The owners of Rock Cabin Camping, Ralph and Lina, would like their patrons "to feel comfortable" during their stay. In an effort to achieve their desired atmosphere, Ralph and Lina try to keep the cabins and grounds clean for their guests and provide supplies that they may need while they are at the establishment. Ralph explains that he interacts with visitors frequently, saying, “I like to go out and meet them all, but I don’t go banging on their door. If they’re outside, I’ll stop and talk with them.”
Many visitors have stayed at Rock Cabin Camping, and some of them have left reviews of their experience at the campground. One person who recently reserved a cabin at the establishment wrote, “We were pleased with the amenities that were packed into our little cabin for the night. So close to the park, yet still close to anything you might need in Cave City” Ralph mentions that the business is likely most known for the uniqueness of the cabins.
There are several policies that people must abide by while they are spending time at the campground. Pets are prohibited inside the cabins, but people can bring their animals if they are in an RV space as long as they remain on a leash and the pet owner cleans up after them. Smoking is allowed on the property but not inside any of the buildings.
Rock Cabin Camping is open year-round, with its peak season usually occurring between Memorial Day and Labor Day. During the winter months of December, January, February, and sometimes March—depending on the weather—the RV park is shut down, and only a few of the cabins and the bunkhouse are available for reservations. Ralph explains that the pipes for the RV spaces are not “winterized,” so they are required to shut them down to avoid pipes freezing and bursting. He mentions that he shuts down some of the cabins as well because it tends to be much slower during the winter. The typical demographic of patrons that visit are usually families and outdoor enthusiasts that are in the area for the hiking trails and Mammoth Cave National Park.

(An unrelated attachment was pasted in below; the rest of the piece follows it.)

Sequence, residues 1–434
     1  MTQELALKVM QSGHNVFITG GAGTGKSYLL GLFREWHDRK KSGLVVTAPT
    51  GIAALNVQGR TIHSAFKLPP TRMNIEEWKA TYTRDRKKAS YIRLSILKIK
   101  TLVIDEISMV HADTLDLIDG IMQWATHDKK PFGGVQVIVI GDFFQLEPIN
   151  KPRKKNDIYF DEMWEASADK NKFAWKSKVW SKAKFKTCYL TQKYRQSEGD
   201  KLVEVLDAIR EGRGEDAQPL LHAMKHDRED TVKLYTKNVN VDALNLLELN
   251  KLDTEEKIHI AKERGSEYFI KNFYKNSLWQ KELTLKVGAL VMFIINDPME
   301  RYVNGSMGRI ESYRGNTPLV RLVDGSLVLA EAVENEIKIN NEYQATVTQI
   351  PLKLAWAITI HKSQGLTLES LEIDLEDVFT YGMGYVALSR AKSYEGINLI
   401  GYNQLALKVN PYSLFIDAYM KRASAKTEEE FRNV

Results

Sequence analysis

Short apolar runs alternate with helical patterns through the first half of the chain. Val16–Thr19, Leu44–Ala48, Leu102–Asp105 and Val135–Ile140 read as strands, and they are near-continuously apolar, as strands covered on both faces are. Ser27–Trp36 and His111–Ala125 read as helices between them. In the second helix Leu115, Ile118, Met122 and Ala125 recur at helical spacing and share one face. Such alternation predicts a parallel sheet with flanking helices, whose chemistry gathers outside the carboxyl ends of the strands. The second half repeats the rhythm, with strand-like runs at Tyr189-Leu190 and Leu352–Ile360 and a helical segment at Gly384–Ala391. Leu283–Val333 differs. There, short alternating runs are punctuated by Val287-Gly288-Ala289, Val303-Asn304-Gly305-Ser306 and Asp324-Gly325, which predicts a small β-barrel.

According to Ralph, the current owner of Rock Cabin Camping, the cabins were first built in 1928 for guests to use while visiting Mammoth Cave. The original owners of the campground and cabins maintained the land until the late 50s or 60s. The establishment has had about 14 different owners since then, the most recent ones being Ralph and his wife, Lina, who bought it in 2011. Their favorite part of operating the business has been meeting the people that visit.
Due to how old the cabins are, they have been placed on the National Register of Historic Places. The cabins saw substantial updates during the 70s, as the owners wanted to add more amenities for the people staying with them. Ralph estimates that the bunkhouse was added to the property during the 80s or 90s, commenting that “it’s probably the most recent thing here.” The establishment has received consistent maintenance over the years in an effort to maintain the premises, and Ralph mentions that he tries not to change much due to the historic nature of the buildings.